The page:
KABUL AIRPORT, AFGHANISTAN – There cannot be much worse than having an army officer/terrorist kill you when you are there to help train him and his colleagues to combat terrorism.
In the wake of 9/11 there was a tendency to see counter terrorism (CT) primarily as a military-led objective. This was a shift from the pre-9/11 days where security intelligence and law enforcement agencies were at the pointy end of the stick. It did not help when then US President Bush called CT a ‘war on terrorism‘ (psst, Mr. President! Declaring wars on common nouns is rarely a good idea. War on drugs, anyone?).
As a consequence the US sent hundreds of thousands of troops to Afghanistan to find and punish the perpetrators of that heinous attack on New York and Washington and, less than two years later, a similar number to Iraq to…to what exactly? Neither ended well, whether we are talking about the effect on terrorism or on the local population.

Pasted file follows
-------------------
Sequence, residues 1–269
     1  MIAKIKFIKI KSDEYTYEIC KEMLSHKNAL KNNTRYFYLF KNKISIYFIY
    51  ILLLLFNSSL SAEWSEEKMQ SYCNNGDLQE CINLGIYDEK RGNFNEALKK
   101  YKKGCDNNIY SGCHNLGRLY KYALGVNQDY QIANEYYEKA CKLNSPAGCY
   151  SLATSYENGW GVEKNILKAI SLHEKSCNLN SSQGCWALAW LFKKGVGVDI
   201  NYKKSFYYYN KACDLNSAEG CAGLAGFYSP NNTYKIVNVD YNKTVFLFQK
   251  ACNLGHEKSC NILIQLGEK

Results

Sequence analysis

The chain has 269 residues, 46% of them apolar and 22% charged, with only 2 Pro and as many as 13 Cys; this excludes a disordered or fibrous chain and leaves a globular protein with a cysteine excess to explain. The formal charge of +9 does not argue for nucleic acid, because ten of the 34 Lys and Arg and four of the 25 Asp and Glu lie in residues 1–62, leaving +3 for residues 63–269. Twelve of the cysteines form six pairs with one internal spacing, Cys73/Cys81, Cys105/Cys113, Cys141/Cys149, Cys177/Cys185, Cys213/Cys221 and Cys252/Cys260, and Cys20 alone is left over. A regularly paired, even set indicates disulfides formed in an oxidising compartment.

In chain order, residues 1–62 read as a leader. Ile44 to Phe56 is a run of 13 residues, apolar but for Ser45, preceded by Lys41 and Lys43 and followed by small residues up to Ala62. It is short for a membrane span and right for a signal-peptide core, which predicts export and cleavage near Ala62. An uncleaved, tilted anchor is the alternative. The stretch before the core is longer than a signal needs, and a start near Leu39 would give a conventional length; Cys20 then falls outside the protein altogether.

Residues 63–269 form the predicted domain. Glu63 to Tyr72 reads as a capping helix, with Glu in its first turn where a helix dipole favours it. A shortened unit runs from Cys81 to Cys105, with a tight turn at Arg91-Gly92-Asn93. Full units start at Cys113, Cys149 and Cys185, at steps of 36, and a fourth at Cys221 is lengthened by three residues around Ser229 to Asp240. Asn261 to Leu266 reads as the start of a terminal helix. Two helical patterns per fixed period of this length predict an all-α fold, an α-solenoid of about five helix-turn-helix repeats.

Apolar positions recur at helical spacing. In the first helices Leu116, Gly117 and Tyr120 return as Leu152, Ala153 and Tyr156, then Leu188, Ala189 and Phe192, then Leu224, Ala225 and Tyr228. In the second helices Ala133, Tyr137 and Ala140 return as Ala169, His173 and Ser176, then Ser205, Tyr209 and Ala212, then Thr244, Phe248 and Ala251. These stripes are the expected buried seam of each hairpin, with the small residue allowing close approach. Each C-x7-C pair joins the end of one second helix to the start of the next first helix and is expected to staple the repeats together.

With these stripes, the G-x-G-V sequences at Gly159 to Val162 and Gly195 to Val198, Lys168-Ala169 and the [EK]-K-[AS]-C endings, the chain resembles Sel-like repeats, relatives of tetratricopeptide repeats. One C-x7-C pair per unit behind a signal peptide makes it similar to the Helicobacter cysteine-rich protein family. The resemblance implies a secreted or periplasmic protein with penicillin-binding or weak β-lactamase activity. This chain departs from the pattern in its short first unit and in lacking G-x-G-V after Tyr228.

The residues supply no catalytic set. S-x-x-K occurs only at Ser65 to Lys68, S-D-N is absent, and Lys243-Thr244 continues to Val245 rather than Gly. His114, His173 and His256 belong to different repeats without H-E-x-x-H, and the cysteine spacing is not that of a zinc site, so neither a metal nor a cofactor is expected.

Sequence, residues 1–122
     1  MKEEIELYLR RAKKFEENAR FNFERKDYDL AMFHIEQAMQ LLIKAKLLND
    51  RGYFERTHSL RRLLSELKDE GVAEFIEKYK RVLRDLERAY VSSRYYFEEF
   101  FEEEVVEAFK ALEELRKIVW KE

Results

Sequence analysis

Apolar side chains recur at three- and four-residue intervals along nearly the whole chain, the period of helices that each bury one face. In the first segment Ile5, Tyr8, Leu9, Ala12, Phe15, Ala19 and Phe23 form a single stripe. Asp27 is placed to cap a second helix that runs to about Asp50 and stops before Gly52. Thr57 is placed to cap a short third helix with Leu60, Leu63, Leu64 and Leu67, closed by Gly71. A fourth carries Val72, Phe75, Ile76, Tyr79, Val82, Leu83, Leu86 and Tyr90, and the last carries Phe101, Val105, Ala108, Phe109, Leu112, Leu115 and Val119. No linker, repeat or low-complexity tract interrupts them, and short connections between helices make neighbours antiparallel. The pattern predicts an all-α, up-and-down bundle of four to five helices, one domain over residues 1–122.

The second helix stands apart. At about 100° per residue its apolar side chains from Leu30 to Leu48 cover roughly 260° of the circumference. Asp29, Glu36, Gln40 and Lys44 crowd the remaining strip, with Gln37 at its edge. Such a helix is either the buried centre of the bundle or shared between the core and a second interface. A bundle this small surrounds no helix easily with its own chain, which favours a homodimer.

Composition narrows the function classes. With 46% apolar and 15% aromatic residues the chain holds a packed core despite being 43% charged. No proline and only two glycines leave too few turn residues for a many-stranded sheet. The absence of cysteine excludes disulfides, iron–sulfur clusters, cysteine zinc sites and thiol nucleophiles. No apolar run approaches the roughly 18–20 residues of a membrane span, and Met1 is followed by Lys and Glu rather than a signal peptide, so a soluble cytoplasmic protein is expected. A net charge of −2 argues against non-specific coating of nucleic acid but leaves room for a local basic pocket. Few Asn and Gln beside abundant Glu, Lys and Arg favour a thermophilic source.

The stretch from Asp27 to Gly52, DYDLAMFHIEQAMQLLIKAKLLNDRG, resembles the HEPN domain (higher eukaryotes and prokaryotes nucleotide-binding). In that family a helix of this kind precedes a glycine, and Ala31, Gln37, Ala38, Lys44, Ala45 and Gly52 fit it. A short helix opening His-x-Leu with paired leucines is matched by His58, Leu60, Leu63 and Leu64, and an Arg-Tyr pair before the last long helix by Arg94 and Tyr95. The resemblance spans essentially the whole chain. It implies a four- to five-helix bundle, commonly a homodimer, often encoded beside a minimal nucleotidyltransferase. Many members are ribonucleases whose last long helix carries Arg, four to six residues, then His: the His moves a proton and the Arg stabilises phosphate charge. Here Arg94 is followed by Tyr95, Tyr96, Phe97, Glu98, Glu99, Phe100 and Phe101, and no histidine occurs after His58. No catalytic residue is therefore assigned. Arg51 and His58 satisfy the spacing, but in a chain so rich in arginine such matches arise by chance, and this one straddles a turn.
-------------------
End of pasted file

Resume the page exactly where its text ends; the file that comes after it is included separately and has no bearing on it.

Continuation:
Part of the raison d’etre was also to provide training to Afghan/Iraq forces to do their CT work, allowing the invading forces to leave. There, too, the results were mixed. Sometimes, those troops themselves were attacked by the very soldiers they thought were on their side.
On this day in 2001
Eight US troops and a US contractor were killed by an Afghan air force pilot at Kabul airport. While there were allegations that the pilot may have had mental health issues, the Taliban claimed he acted on their behalf.
Suddenly, in the middle of the meeting, shooting started. After the shooting started, we saw a number of Afghan army officers and soldiers running out of the building. Some were even throwing themselves out of the windows to get away.Spokesman for the Afghan Air Corps, Col Bahader
During the Afghan mission there were those who feared that rapid recruitment into the Afghan military would open the door to Taliban infiltration into the police and army. It looks like that fear was justified.
Read More Today in Terrorism
On May 31, 1906 a Spanish anarchist threw a bomb hoping to hit King Alfonso XIII, killing 24 and wounding more than 100.
On May 30, 2009 two pamphlet-bombs exploded outside an Ecuadorian TV station and ministry: no victims or significant damage ensued.
On May 29, 2016 35 civilians were wounded in an ISIS attack using rockets containing chlorine gas in Iraq’s Nineveh Province.